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Minority Within a Minority

Russian-speaking former Soviet Koreans find it hard fitting into Korean American community

December 21, 2003|Ann M. Simmons | Times Staff Writer

Many of the immigrants say they are grateful for the moral and spiritual support they have received from Rafikova's church, and they are gradually overcoming the trauma of their earlier, grueling lives.

"It's a great place to make friends and to feel included," said Irina Tyan, 43, who arrived here with her 18-year-old son in October and was reunited with her husband and 14-year-old daughter, who had come two years earlier.

"The church has helped [Russian Koreans] to become closer," she added. "Here, things are better than in Uzbekistan. Life was difficult there."

The church "gives me comfort. If it wasn't here, I don't know who I would mix with," said Lubov Nyu, 48. She arrived in Los Angeles in June with her 18-year-old son and joined her husband. Their 25-year-old daughter was not granted a U.S. visa and remains home alone in Uzbekistan.

Penetrating the greater Korean American society has been a challenge, many Russian Koreans said. Although the former Soviet citizens have preserved some aspects of Korean culture -- traditional wedding ceremonies, the custom of showing undivided respect to elders and the art of making Korean pastries and other delicacies -- many differences divide the two communities.

Russian Koreans tend to be more expressive, emotional and Western in their mannerisms and behavior than members of the older generation of Korean Americans, who appear more insular and reserved, and as a result often come across as standoffish and impatient with outsiders, Rafikova said.

"They are often surprised to see us," Nyu said. "Sometimes they don't know where Uzbekistan is."

But the main obstacle to Russian Koreans' gaining smooth access to the Korean American community has been their lack of knowledge of the Korean language, pastor Kim said.

Mapiya Yun, who arrived from the Uzbek city of Samarkand a year ago to join her daughter in Los Angeles, said being able to speak some Korean has helped her fit in. She is encouraging other Russian-speaking newcomers to study Korean to forge better ties with Korean Americans.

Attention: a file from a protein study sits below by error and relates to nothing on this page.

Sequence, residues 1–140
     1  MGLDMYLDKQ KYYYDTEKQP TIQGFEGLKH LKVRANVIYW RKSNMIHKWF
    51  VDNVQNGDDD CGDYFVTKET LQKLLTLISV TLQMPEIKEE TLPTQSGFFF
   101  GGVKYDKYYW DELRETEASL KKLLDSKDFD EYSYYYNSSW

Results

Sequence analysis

"If we have their language, we could work for them," said Yun, 53, a former nurse whose main pastime these days is baby-sitting her 4-year-old grandson. "It is beneficial for the process of doing business."

John Lie, chairman of the Center for Korean Studies at UC Berkeley, said it was not surprising that those considered to be "nonstandard" Koreans generally found it difficult to integrate into Korean American society.

"There's a strong strand of hyper-nationalism among Korean Americans who presume that they are homogeneous and essentially similar," Lie said. "Hence, those who deviate from the common-sense norm often find it difficult to feel welcome, or part of the larger community."

In the 1990s, the children of Korean immigrants who initially had settled in Latin America and therefore spoke Spanish or Portuguese also had difficulty assimilating into Korean American social circles.

Chinese Koreans have fared slightly better because many of them speak Korean, said Francis Hur, secretary general of the Korean Federation of Los Angeles.

Hur said that his group would gladly embrace Russian Koreans and offer them assistance, but that their presence in the city was little known.

"We didn't even know they existed in Los Angeles," said Hur, whose umbrella organization is a clearinghouse for service providers that can assist Koreans.

"No one knows about them," Hur added. "If we could expose them, it would be a hot issue. Of course, we are going to welcome them. Of course, they can be part of our community."

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